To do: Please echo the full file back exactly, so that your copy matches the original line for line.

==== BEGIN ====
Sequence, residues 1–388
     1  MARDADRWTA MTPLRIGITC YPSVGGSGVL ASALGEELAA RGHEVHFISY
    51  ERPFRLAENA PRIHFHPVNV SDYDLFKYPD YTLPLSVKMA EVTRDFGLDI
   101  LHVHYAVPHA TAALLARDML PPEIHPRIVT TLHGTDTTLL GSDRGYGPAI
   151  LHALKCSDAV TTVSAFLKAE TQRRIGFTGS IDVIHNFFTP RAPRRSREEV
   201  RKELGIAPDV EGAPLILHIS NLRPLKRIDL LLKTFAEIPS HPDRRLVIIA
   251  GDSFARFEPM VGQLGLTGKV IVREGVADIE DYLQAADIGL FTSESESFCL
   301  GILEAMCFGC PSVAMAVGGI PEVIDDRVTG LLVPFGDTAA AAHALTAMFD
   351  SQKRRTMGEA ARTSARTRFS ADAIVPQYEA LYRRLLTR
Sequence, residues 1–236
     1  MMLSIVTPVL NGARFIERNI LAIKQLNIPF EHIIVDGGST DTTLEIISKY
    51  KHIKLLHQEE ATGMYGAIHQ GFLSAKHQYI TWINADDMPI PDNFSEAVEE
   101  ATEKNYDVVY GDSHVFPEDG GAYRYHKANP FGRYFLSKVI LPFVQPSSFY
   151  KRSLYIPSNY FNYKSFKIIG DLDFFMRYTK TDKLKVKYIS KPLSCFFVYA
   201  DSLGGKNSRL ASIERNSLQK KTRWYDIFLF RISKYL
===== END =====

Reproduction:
Sequence, residues 1–388
     1  MARDADRWTA MTPLRIGITC YPSVGGSGVL ASALGEELAA RGHEVHFISY
    51  ERPFRLAENA PRIHFHPVNV SDYDLFKYPD YTLPLSVKMA EVTRDFGLDI
   101  LHVHYAVPHA TAALLARDML PPEIHPRIVT TLHGTDTTLL GSDRGYGPAI
   151  LHALKCSDAV TTVSAFLKAE TQRRIGFTGS IDVIHNFFTP RAPRRSREEV
   201  RKELGIAPDV EGAPLILHIS NLRPLKRIDL LLKTFAEIPS HPDRRLVIIA
   251  GDSFARFEPM VGQLGLTGKV IVREGVADIE DYLQAADIGL FTSESESFCL
   301  GILEAMCFGC PSVAMAVGGI PEVIDDRVTG LLVPFGDTAA AAHALTAMFD
   351  SQKRRTMGEA ARTSARTRFS ADAIVPQYEA LYRRLLTR
Sequence, residues 1–236
     1  MMLSIVTPVL NGARFIERNI LAIKQLNIPF EHIIVDGGST DTTLEIISKY
    51  KHIKLLHQEE ATGMYGAIHQ GFLSAKHQYI TWINADDMPI PDNFSEAVEE
   101  ATEKNYDVVY GDSHVFPEDG GAYRYHKANP FGRYFLSKVI LPFVQPSSFY
   151  KRSLYIPSNY FNYKSFKIIG DLDFFMRYTK TDKLKVKYIS KPLSCFFVYA
   201  DSLGGKNSRL ASIERNSLQK KTRWYDIFLF RISKYL